USA is Considering Banning Decaffeinated Coffee

A popular beverage that represents a daily staple for approximately 26 million Americans could threaten public health

Millions of Americans enjoy a good cup of coffee, including those who drink decaf from time to time. It estimated that more than 26 million Americans prefer to have a cup of decaffeinated coffee. Whether because of the sensitivity that caffeine causes to many, or because they crave the taste of coffee but prefer not to get additional energy, at least once a day,

Decaffeinated coffee

The coffee plant contains caffeine naturally. And some may imagine that decaffeinating coffee is done in a natural way. Similar to roasting coffee for a very long time or simply choosing a lower amount of caffeine by reducing the proportion of coffee beans. But in reality, the process of removing caffeine from coffee, as is the case with many modern foods, requires a lot of processing. As the coffee beans must be subjected to treatment using chemical solvents, the most important of which is methylene chloride.

Methylene chloride

Methylene chloride, a “colorless. Volatile liquid with an odor similar to chloroform,” which OSHA asserts is not the safest ingredient. If small amounts are used.

The Methylene chloride used in various industrial processes, in many different industries, including pharmaceutical manufacturing, paint removers, metal cleaning, and degreasing.”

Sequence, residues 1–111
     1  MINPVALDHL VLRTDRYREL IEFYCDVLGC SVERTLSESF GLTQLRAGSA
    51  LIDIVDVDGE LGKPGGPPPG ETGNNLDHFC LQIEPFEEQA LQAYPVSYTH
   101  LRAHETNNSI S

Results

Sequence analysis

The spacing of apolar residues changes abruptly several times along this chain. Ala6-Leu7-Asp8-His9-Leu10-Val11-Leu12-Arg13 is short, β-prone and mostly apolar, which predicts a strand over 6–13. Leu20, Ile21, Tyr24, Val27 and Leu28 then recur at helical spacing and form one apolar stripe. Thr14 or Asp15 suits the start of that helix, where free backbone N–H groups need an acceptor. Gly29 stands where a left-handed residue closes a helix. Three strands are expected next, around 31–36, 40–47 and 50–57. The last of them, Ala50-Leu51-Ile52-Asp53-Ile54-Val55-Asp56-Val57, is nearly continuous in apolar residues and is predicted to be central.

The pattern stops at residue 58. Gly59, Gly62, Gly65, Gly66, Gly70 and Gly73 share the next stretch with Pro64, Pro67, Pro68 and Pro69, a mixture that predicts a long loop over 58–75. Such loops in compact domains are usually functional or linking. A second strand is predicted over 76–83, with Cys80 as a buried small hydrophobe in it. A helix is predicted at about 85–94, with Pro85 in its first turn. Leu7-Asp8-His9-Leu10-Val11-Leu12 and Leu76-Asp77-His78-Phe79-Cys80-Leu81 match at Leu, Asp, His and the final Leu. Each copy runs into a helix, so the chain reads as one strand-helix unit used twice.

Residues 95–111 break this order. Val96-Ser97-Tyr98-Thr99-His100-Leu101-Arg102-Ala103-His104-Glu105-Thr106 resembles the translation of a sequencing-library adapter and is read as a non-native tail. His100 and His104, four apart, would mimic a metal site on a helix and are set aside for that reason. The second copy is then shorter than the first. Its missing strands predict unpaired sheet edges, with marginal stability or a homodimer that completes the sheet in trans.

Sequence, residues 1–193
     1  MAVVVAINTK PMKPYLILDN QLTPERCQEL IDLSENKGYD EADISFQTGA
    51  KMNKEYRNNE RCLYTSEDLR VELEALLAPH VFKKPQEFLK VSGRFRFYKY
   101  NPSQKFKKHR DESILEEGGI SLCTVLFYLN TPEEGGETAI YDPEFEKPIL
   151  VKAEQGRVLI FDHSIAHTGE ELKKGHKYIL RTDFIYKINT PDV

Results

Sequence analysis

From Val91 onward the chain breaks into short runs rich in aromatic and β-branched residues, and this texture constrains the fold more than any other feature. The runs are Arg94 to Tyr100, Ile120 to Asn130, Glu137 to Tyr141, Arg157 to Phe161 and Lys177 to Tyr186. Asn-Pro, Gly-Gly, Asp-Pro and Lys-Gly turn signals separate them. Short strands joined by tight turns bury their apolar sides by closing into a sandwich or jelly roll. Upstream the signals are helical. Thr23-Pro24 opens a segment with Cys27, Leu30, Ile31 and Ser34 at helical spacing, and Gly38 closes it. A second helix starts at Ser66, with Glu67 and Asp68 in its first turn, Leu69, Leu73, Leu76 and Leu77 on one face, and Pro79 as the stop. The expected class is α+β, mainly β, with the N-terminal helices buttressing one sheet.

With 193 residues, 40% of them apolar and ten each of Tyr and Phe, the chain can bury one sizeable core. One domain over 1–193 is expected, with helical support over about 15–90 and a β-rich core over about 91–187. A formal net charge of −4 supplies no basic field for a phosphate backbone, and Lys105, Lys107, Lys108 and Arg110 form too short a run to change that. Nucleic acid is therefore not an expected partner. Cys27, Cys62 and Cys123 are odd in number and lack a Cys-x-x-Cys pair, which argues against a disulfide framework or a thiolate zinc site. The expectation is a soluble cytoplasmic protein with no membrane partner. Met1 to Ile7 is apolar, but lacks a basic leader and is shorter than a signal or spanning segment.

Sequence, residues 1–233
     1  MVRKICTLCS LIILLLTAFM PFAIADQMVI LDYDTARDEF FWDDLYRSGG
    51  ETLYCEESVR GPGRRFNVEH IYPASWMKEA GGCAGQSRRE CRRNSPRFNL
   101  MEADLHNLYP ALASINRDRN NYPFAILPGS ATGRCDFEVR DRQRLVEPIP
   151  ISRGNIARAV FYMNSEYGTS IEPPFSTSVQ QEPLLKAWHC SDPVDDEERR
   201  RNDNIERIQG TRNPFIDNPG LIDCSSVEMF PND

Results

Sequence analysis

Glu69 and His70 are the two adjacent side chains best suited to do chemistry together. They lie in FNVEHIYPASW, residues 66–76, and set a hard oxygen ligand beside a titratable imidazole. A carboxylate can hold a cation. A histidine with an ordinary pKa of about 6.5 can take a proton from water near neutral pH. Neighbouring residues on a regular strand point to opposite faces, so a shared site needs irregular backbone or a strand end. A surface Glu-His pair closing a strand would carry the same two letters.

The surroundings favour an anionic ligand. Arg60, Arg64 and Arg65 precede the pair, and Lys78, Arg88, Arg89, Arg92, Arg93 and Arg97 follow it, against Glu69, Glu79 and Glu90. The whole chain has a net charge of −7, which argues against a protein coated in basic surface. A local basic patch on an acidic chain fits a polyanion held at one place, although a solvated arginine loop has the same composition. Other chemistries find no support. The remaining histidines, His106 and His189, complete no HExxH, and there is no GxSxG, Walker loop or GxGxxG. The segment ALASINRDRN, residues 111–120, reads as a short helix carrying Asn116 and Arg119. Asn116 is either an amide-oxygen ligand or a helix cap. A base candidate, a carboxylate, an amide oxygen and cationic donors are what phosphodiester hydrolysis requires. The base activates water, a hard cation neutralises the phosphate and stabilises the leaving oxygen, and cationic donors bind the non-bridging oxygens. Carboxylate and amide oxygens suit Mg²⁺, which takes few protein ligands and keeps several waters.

Related: 5 Types of Coffee That Aid in Burning Body Fat

Strict procedures

The Occupational Safety and Health Administration considers methylene chloride a probable carcinogen, meaning it has linked to cancer. The US Food and Drug Administration (FDA) has been making decisions to allow the use of methylene chloride in very small levels since January 2024, while the Environmental Protection Agency recently banned the use of methylene chloride in most applications.

10 ppm

The US Food and Drug Administration allows a small trace. No more than 10 parts per million (equivalent to 0.001%) of methylene chloride to remain on coffee beans to allow consumption. So the US Food and Drug Administration filed a petition earlier in 2024 requesting that some potentially harmful chemicals. Including methylene chloride, benzene, ethylene dichloride. And trichloroethylene, removed from foods and beverages.

Swiss water method

Other methods used to remove caffeine from some types of coffee. Including the so-called Swiss water method, which involves soaking green coffee beans in water. Allowing the caffeine to leach out naturally over several hours.

Experts advise that decaffeinated coffee consumers who are concerned about exposure to methylene chloride should check with several nonprofit organizations that test beverages for potentially harmful chemicals. To ensure that brands are free of methylene chloride or any chemicals.

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